Ask Your Question

How to specify what partition to install fedora 29 on?

asked 2018-11-18 12:31:15 -0500

m'lady gravatar image

I'm trying to set up a windows 10/ fedora 29 dual boot and am confused by the installation destination screen. I have partitioned some space on my C drive (where windows 10 is installed) of about 45 GB but Fedora doesn't seem to indicate that it will only use that partition on install. The installation destination simply shows my drive with a check mark and "sda / 43.95 GiB free" underneath it. Not very reassuring that it will leave the other partitions alone. Is there any way to specify which partition I want to use for Fedora or will it automatically only use free space? Any help would be appreciated as I really don't feel like having to recover my data. This seems like it should be much more explicit though.

edit retag flag offensive close merge delete

2 Answers

Sort by ยป oldest newest most voted

answered 2018-11-19 00:19:28 -0500

LDBarnes gravatar image

You said you had already set up a partition for Fedora 29 to live in, you are concerned that it will take harddrive space unallocated. The question is have you tried running Linux before? If you have then you know that Fedora and Arch and the like aren't the easiest to deal with, but Fedora has gotten much better to install than in the past. If you haven't ever run Linux before might I suggest wading in gently before you dive into the deep end. I dove in the deep end in 1999 and thought I was going to drown coming from Windows 98. Linux has come a long was since then as far as graphical installers are concerned and ease of use. I can testify to that I have some senior friends using Linux. There is always the chance things can an do go wrong during an install to dual boot. You might want to try a live image first: I cannot emphasize enough to back up your data on an external drive!!! Here is an article on how to dual boot with older versions of different Linux OS and windows 7, the principle is the same: I love Fedora and would not ever push anyone away, but if you are new to Linux and want to dual boot then I suggest one of the Ubuntu flavors and the install will look like this: You can also install a virtual box and run Fedora on that. This brings us back to the original question how familiar with running Linux are you? If you are familiar then I can suggest one way, if your not I will suggest a different way. Be well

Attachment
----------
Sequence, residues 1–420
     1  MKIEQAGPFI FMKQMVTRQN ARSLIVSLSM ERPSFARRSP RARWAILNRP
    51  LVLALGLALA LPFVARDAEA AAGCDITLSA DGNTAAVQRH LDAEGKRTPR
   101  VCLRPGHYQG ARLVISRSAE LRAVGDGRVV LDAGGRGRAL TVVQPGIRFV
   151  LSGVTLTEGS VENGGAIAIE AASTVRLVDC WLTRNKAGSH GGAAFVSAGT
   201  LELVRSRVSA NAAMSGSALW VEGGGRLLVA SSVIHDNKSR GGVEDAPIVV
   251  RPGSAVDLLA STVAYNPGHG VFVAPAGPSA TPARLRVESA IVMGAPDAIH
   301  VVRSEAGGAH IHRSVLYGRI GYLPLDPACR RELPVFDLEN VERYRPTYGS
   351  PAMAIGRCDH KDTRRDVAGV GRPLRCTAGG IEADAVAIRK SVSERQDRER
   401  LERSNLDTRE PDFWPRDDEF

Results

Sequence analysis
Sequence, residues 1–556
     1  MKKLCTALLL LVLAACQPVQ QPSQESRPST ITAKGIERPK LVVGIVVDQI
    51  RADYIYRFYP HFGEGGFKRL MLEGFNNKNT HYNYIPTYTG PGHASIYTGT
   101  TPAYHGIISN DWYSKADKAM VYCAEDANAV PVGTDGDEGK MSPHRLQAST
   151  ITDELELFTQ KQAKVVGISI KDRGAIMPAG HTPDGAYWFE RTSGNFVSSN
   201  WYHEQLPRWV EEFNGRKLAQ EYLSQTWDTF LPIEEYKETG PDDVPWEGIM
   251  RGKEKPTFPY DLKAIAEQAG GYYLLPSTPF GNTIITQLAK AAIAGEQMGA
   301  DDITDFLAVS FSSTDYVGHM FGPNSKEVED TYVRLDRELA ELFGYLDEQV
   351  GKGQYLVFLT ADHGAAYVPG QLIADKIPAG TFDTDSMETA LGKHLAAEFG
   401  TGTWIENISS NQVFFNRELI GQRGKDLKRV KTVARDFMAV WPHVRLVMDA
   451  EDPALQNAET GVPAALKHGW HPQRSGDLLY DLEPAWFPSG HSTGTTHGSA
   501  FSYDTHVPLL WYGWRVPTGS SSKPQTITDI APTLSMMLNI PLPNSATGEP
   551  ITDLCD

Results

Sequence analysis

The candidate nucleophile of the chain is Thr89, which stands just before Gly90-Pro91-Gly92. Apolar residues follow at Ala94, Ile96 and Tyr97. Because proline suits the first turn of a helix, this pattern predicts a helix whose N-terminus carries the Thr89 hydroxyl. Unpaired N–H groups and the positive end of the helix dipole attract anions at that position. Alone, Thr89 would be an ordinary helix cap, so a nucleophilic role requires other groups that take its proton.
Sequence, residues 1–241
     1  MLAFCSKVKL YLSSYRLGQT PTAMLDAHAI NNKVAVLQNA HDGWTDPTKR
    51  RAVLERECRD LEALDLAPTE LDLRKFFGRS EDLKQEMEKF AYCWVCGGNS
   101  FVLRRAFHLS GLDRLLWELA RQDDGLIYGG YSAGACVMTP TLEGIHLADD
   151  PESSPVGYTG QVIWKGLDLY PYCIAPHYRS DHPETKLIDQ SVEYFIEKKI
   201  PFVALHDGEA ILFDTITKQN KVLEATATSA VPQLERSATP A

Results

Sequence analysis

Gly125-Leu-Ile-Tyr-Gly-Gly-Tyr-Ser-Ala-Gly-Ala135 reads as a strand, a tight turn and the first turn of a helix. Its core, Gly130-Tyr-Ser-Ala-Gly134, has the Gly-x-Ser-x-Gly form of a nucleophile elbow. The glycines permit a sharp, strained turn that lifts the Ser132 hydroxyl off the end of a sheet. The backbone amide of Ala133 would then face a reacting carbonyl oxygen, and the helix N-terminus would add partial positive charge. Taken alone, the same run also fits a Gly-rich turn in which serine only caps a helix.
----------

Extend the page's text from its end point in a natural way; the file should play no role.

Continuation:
edit flag offensive delete link more

answered 2018-11-18 14:37:31 -0500

aeperezt gravatar image

Fedora will use free space on the destination drive, using its automatic partition. You could choose to manually create partition but you must know what you doing.

Good Luck.

edit flag offensive delete link more

Question Tools

1 follower


Asked: 2018-11-18 12:31:15 -0500

Seen: 1,227 times

Last updated: Nov 19 '18